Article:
If you search on "Rabbi Hirsch Zvi Levine" in Google, you will find historical documents about the early Jewish community of South Carolina that refer to him.  He was brought over by his wife's family, the Winstocks, who immigrated to South Carolina in the 1830s and twenty years later brought him to I believe Charleston, South Carolina where he was the rabbi of one of the first synagogues in the South.

"Rabbi Hirsch Zvi Levine served as Charleston's Cantor, Kosher Slaughterer and Mohel circumcisor, besides authoring his own Torah commentary. "One man must do the whole business here," wrote the Congregation's president in 1858."

http://www.lib.unc.edu/apop/thishappyland.html?counter=25

http://www.lib.unc.edu/apop/thishappyland.html?counter=24

Photograph attached to this profile is titled: "Rabbi Hirsch Zvi (Margolis) Levine (1807–1887) Newspaper clipping, pasted into Rabbi Levine’s notebook Private collection"

While the schism in Beth Elohim divided reformers and traditionalists, a new group of immigrants introduced another brand of Orthodox Judaism to Charleston. People of modest means—peddlers, artisans, metalworkers, and bakers—the newcomers gave the city’s Jewish population a more foreign appearance than before.

As early as 1852, these eastern European Jews began meeting under the leadership of Rabbi Hirsch Zvi Levine, himself recently arrived from Poland. In 1855, they formally organized as Berith Shalome (now Brith Sholom) or “Covenant of Peace”—the first Ashkenazic congregation in South Carolina and one of the first in the South. The shul became known as the “German and Polish” or simply the “Polish” synagogue, to distinguish it from the earlier downtown congregations.

---------- College of Charleston, South Carolina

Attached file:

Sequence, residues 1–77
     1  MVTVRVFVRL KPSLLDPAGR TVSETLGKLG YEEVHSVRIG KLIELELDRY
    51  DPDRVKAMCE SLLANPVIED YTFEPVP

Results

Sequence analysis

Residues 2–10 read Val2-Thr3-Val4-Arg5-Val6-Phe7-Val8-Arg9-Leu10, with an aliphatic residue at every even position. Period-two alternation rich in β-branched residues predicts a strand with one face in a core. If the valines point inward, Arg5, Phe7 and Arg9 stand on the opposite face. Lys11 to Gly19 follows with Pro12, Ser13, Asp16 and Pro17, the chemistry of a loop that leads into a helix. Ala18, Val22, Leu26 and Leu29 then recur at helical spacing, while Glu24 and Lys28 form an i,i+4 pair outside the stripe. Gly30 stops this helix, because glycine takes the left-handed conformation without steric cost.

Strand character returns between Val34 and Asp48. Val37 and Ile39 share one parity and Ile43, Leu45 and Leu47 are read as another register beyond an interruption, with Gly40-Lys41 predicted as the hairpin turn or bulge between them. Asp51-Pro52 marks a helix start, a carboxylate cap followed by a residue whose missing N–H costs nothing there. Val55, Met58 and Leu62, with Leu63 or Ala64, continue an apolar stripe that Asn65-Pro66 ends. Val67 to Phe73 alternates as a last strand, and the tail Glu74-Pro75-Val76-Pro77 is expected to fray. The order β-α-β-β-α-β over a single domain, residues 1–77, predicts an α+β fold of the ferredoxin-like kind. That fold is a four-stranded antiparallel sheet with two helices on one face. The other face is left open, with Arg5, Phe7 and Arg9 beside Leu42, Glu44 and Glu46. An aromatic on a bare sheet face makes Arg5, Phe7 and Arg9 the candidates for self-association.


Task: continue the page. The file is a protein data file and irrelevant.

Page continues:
The Judaica Library of the Jewish Studies Center is named for a major figure in 19th century Charleston Jewish history.

Rabbi Hirsch Zvi Margolis Levin was born in Lithuania in 1807. He was the son of a rabbi and the descendant of a long line of rabbis which included Rashi in the 11th century and Yomtov Lipman Heller (“Tosfos Yomtov”), the great 17th century commentator and Chief Rabbi of Prague, Vienna and Krakow. Rabbi Levin received his ordination from one of the great Lithuanian yeshivot and settled in his wife’s hometown of Wirballin.

Note: Virbaln also written as:

   *  Verzhbelov
   * Virbalis
   * Verbal
   * Verzhbelova
   * Wirballen
   * Wierzbolow

http://www.shtetlinks.jewishgen.org/virbalis/virbaln.html

Rabbi Levin’s brothers-in-law, Samuel, Moses and Benjamin Winstock had immigrated to Charleston in the 1830’s and he decided to follow them to America. Rabbi Levin arrived in Charleston in 1852 and immediately organized an Orthodox Ashkenazic Congregation, “Brith Sholom”. This synagogue still exists today as “Brith Sholom Beth Israel” and is located on Rutledge Avenue. The congregation was made up of poor immigrants whose meager contributions (12 cents to $1.50) were recorded in Rabbi Levin’s notebook (still in the family). The notebook also includes sermons and blessings, written in a fine Hebrew hand. The entries reveal a profound knowledge of Torah, Talmud, and mystical texts, which indicates that Rabbi Levin was among the most learned of American Jewish religious leaders.

Rabbi Levin continued to shepherd his flock throughout the War Between the States and the eighteen months of the daily bombardment of Charleston, the longest siege in military history. During the siege, the congregation met in rented quarters on St. Philip Street, the heart of Charleston’s Jewish quarter, just out of range of Union shells. The Rabbi’s son-in-law, Harris Levin, served with Confederate forces as did his brother-in-law, Moses Winstock and several other family members. His daughter, Dora Amelia, volunteered as a nurse and cared for Confederates wounded in Virginia.

Rabbi Levin served for 20 years as spiritual leader of Brith Sholom until the early 1870’s when, in the dark days of the Federal occupation of Charleston, he moved his family to Baltimore. He continued to function in that city as “rabbi and teacher in Israel.” When he died in 1887, he was eulogized in the Baltimore Press as “The Jewish Patriarch of Maryland”.

The gift in memory of Rabbi Hirsch Zvi Levin was given by his great great great grandson Dr. Michael S. Kogan and the Brand Foundation of New York.

-------------------- First Rabbi in Charleston S. Carolina